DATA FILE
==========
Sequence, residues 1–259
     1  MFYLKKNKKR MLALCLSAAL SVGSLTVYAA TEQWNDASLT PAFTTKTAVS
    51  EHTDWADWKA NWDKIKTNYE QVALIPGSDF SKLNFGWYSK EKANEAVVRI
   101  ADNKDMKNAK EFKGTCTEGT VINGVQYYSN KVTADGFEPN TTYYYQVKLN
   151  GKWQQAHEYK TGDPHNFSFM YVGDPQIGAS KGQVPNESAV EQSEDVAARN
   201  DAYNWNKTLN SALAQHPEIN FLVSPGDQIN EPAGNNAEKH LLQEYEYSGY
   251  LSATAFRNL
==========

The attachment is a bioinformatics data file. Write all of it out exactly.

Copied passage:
Sequence, residues 1–259
     1  MFYLKKNKKR MLALCLSAAL SVGSLTVYAA TEQWNDASLT PAFTTKTAVS
    51  EHTDWADWKA NWDKIKTNYE QVALIPGSDF SKLNFGWYSK EKANEAVVRI
   101  ADNKDMKNAK EFKGTCTEGT VINGVQYYSN KVTADGFEPN TTYYYQVKLN
   151  GKWQQAHEYK TGDPHNFSFM YVGDPQIGAS KGQVPNESAV EQSEDVAARN
   201  DAYNWNKTLN SALAQHPEIN FLVSPGDQIN EPAGNNAEKH LLQEYEYSGY
   251  LSATAFRNL